05/20/08 10:30 PM ET
Dodgers dealing with slew of injuries
Furcal feeling better; Jones likely to need surgery on right knee
By Ken Gurnick / MLB.com
For Furcal, that means his sprained lower back was good enough for strenuous baseball work. The club is cautiously optimistic that he'll be activated from the disabled list Friday.
Jones has a slight cartilage tear in his right knee, and his return is very questionable. His swelling and discomfort improved, probably because he did nothing to irritate it. He's almost certain to need surgery, the only question is when. Jones also has a Baker's cyst behind the knee that would likely be removed when the cartilage is repaired.
Manager Joe Torre sounded somewhat skeptical that Jones would be able to return by Friday.
"I told him just to make sure we know it's all gone before he comes back," said Torre. "Whatever it takes to make him feel better and keep it from recurring."
Jones said the knee has bothered him for "months," but worsened Sunday. For the first time, he conceded that the condition of his right leg is a contributing factor in the slump of a lifetime.
"I just don't make excuses about things, but it really pinched me the last few days," said Jones, who has never been on the disabled list in 12 seasons. "Whether it had anything to do with the start or not, I'm not staying on my back leg and I lock my hip and fly open. It might affect little things."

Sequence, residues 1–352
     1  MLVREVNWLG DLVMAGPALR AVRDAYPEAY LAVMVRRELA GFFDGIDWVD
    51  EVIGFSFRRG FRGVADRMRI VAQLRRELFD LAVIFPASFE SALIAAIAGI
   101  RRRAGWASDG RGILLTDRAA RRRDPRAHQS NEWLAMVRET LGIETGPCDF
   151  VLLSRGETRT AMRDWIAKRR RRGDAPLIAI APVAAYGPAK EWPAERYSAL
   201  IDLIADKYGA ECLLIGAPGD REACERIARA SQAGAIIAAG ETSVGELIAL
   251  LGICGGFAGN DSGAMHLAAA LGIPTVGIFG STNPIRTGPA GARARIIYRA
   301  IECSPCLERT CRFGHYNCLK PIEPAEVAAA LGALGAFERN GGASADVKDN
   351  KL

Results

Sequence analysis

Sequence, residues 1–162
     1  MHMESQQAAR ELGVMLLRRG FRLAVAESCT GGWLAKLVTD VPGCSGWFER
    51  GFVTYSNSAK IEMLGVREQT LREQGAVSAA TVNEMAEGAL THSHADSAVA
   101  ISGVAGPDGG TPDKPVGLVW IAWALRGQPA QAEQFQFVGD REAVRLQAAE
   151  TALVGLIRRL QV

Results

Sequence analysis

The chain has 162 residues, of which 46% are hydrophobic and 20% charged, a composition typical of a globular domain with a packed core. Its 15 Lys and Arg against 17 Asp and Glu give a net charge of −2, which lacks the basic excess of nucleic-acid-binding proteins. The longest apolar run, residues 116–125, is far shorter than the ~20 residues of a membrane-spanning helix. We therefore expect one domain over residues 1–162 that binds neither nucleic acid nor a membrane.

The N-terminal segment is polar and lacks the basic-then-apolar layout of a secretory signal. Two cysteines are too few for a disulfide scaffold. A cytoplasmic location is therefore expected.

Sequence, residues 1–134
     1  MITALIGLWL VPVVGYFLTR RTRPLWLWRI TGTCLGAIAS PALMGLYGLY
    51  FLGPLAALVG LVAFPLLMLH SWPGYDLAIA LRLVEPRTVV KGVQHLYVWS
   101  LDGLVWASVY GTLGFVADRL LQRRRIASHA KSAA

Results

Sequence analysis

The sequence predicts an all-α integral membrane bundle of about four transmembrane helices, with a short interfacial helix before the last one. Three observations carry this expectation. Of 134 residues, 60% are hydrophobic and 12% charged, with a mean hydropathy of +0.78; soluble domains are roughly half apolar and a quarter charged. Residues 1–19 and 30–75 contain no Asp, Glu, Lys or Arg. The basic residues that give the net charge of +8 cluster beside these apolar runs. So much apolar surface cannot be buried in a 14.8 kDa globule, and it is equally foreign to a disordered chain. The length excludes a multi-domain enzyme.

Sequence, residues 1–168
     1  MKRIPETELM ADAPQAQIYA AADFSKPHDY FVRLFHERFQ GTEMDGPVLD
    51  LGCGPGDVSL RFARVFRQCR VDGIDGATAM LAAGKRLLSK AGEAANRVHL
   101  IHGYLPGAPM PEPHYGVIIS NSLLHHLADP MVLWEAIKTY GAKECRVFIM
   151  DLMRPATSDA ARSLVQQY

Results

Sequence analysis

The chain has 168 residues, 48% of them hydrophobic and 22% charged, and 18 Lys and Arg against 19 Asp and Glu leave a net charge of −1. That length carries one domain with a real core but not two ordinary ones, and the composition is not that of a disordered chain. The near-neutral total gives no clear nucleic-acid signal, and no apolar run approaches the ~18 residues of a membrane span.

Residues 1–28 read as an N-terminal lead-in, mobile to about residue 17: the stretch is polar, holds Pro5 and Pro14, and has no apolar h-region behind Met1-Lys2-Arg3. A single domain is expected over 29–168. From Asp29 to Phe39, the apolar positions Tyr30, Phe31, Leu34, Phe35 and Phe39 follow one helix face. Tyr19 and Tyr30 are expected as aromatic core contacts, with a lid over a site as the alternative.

Torre said he was "sure there is some connection" between the injury and Jones' batting slump, but also suspects Jones has been pressing.
Jones said his goal was, through therapy and a few days of rest, getting through the season and delaying surgery until the offseason.
In other injury news, results were not available on additional tests of Nomar Garciaparra's strained calf. Esteban Loaiza came out of his Monday night rehab start with no problems and will be ready to be activated by the end of the week. Jason Schmidt will have a third rehab start, most likely Sunday or Monday.
Ken Gurnick is a reporter for MLB.com. This story was not subject to the approval of Major League Baseball or its clubs.